I grew up in a house that was too small for secrets. There were no secluded hiding spots or private spaces. Time alone was so rare that it almost felt uncomfortable. And even when you thought you were having a private conversation, someone was always within earshot. Usually, that person was your little brother.
There wasn’t much the four of us didn’t know about each other.
So I was surprised when, on a crisp November day while my boys and I were visiting my parents, my dad revealed a treasure box that had been covertly concealed in a closet. Even in our teeny tiny house, he’d kept a secret – a stash of yellowed newspapers and vintage magazines that he had squirreled away over the years for their historical or personal significance, including several Sports Illustrated magazines from my childhood.
You guys, MARY LOU RETTON.
My memories of the spring and summer of 1984 are limited. I had just turned eight years old. My second grade teacher had been creative and unconventional, and she would remain one of my favorites forever. (She played the guitar, produced a play every season, and sang “Puff the Magic Dragon.” Standardized tests weren’t holding us hostage yet.) I owned a Michael Jackson t-shirt that I vaguely remember wearing often. Probably too often. I honestly don’t remember much more that that.
But I DO remember watching Mary Lou Retton win gold in the summer Olympics, right here in America. I remember seeing her on the Wheaties boxes at the store. (She was the first woman on the front of the box, by the way.) She was smiley and spunky, and she grew up just a couple of hours away from me, which in Appalachia means that you might as well be neighbors. We claimed her, and she would become one of the most beloved athletes of all time.
So when my dad pulled out his treasures, I went straight for the Sports Illustrated dated August 13, 1984 to read the articles about Mary Lou. But I didn’t even read them. I still haven’t read them, actually. (I’m so sorry, Mary Lou. I will. I promise!) When I opened the cover and saw the first advertisement, I quickly became engrossed in what this relic from the past reveals about the American experience just a few decades ago. Is this really what life was like when I was a child? Whoa. Apparently, growing up requires so much concentration that we don’t even notice the changes of life swirling around us.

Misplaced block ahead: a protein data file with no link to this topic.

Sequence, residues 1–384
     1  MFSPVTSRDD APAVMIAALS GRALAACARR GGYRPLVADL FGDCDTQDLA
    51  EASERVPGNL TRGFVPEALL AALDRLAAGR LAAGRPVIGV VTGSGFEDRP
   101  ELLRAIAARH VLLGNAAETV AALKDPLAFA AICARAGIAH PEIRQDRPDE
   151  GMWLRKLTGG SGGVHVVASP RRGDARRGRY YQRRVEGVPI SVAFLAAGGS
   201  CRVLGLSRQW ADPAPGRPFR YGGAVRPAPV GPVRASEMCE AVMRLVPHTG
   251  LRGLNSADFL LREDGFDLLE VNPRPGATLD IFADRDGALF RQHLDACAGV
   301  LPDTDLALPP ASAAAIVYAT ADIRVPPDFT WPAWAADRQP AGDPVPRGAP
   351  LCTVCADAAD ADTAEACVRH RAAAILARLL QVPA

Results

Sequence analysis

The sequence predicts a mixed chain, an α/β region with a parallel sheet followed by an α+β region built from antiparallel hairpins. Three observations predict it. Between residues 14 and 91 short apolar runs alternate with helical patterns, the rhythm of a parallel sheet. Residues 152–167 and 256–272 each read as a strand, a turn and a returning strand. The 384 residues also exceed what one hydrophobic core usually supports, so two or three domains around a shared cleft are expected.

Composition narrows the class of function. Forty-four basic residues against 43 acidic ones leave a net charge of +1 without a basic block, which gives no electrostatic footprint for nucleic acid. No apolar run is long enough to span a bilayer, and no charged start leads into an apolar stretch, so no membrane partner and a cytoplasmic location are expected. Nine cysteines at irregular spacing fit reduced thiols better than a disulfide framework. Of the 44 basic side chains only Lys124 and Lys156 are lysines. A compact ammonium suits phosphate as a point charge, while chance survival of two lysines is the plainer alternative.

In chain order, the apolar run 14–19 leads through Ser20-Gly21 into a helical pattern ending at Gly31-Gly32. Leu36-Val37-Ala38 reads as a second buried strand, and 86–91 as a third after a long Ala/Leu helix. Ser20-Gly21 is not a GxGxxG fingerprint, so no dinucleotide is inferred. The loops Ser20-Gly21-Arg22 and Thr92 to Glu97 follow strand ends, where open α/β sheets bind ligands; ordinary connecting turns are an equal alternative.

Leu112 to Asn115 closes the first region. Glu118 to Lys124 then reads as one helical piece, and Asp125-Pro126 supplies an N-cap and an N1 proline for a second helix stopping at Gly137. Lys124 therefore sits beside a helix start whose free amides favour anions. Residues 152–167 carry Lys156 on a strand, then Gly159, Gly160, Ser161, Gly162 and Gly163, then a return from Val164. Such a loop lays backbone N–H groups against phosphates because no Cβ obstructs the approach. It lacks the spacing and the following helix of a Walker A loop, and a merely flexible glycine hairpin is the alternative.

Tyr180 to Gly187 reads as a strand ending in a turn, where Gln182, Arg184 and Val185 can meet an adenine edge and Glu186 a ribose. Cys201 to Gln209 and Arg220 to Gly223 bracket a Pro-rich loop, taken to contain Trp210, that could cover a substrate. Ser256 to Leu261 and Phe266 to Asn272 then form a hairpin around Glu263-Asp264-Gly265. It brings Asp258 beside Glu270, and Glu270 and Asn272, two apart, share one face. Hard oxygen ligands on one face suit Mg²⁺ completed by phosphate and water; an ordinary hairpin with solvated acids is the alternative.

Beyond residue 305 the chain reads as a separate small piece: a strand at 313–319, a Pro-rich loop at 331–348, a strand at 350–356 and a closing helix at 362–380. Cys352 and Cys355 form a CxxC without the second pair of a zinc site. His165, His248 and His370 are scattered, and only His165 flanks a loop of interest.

It does surprise me how much some areas of our lives have been transformed. And it’s equally amazing how much some things that need to change really haven’t changed so much at all. See for yourself! Check out this walk down Memory Lane courtesy of Sports Illustrated magazine, August 1984.
The Marlboro Man was to 1984 what The Most Interesting Man in the World is to 2018. He was cool. He persuaded us to believe that indulging in unhealthy habits isn’t immature or irresponsible; it’s manly. (We are all still recovering from the devastation this myth creates in our society…) In the 80s, kids loved their candy cigarettes, and there were women who could not resist a man who smelled like a campfire and sounded like he was coughing up a lung. But the Marlboro man wasn’t lonely in Sports Illustrated. There were almost as many cigarette ads as articles.
There was this one, which makes a pool party look like a lot more fun than smoking, but whatever. I guess the ladies only came when they heard there would be cigarettes?
And there was this guy. He had no idea how to ride a motorcycle until he smoked a Kool. I bet he didn’t have hair like that B.K. (Before Kool), either. I might even consider smoking a Kool to grow thick hair and have deep thoughts like that . . .